A few good articles the Collab team came across this week …
Healthcare spending is still growing faster than the overall economy, but the gap is closing:
Last year, more than 63,600 people died of drug overdoses. In comparison, more than 58,000 US soldiers died in the entire Vietnam War, nearly 55,000 American died of car crashes at the peak of such deaths in 1972,more than 43,000 died due to HIV/AIDS during that epidemic’s peak in 1995, and nearly 40,000 died of guns during the peak of firearm deaths in 1993.
I can’t agree with this enough:
The best way to become a better writer is to read more and not just about a single subject matter. Why? Reading is the best way to generate new ideas. Every person has a different perspective on life. This comes from different experiences, cultural ideas, values, etc. You know things I don’t know. You can make connections I can’t make. By reading, you are allowing these unique connections to flourish, which can make you a better writer.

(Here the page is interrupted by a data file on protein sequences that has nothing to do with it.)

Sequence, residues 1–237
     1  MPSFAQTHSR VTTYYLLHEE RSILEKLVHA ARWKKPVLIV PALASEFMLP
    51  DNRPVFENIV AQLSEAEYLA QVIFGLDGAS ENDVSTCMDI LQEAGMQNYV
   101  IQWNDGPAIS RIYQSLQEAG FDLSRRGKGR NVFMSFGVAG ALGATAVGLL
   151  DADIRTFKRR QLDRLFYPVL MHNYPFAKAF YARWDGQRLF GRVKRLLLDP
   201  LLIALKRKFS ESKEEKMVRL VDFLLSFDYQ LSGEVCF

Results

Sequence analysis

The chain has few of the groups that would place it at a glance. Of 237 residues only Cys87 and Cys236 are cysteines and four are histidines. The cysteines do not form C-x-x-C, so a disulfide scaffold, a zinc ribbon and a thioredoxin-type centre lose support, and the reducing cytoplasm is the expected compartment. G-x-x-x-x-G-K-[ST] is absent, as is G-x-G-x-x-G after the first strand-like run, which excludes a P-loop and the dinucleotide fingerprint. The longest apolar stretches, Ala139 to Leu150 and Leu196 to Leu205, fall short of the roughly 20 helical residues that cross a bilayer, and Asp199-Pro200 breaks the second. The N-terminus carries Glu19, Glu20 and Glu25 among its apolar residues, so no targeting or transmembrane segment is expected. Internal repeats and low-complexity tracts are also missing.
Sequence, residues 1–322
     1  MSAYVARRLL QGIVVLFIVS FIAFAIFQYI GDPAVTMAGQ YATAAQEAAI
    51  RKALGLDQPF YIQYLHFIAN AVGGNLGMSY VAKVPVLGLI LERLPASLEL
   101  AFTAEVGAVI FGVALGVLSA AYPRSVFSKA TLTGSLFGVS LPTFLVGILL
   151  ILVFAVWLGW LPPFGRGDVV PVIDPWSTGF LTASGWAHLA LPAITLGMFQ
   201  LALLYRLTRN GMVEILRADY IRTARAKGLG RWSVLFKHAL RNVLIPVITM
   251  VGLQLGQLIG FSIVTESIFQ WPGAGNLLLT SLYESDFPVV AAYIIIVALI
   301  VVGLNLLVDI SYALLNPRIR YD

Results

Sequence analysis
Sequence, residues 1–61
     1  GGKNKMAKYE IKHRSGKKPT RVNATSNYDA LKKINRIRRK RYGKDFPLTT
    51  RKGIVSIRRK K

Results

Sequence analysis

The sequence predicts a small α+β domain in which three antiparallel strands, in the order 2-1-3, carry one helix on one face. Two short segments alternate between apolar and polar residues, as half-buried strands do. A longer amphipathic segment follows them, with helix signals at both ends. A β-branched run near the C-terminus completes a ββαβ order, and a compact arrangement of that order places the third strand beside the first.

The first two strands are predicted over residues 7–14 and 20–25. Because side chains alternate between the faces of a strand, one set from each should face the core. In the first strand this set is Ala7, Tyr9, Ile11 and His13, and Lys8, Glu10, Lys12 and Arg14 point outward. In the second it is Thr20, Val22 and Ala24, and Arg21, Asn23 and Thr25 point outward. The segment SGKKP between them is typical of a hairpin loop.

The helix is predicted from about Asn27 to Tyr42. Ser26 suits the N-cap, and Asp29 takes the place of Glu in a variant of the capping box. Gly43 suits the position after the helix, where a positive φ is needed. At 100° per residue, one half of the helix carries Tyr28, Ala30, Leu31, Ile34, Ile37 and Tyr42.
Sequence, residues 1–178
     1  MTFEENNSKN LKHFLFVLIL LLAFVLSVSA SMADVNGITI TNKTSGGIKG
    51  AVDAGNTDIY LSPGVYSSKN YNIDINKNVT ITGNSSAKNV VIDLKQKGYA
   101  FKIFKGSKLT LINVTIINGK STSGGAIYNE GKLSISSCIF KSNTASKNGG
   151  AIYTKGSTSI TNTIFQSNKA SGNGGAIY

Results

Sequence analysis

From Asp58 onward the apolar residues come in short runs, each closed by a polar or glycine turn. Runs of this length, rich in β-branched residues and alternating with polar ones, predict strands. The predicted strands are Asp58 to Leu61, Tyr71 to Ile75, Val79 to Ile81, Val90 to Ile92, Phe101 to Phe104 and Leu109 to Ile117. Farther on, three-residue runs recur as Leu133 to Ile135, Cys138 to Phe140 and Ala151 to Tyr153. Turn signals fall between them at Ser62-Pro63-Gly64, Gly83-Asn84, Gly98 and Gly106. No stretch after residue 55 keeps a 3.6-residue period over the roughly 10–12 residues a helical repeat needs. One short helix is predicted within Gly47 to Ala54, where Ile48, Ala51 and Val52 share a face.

I have seen my own writing improve immensely due to my increased reading habit this past year. Remember, if you start to run out of ideas to write about, read some more and add fuel to your writing fire. Your brain is made for making connections, finding patterns, and discovering new insights, so feed it regularly by reading.
Why science matters
This 1961 memo to JFK on the space race is as true today as it was then:
Where we’re going
This is a great long read on crypto:
Crypto-securities aren’t really a thing yet, but they will be massive, and they will actually have measurable fundamental value due to their cash flows or the residual claims they give their holders. Most surviving utility tokens will at least try to convert to crypto-securities.
Bleak, debatable, but interesting:
New York University professor Scott Galloway explained that technology and progress have stopped traveling together since the days of the Apollo Project, even as scientists and engineers developed the most sophisticated tools known to mankind.
“What has the greatest collection of humanity and IQ and financial capital been brought together to accomplish?” Galloway asked the crowd. “To save world hunger? To create greater comity of man? I don’t think so. … Their singular mission, simply put, it’s to sell another Nissan.”
Have a nice weekend.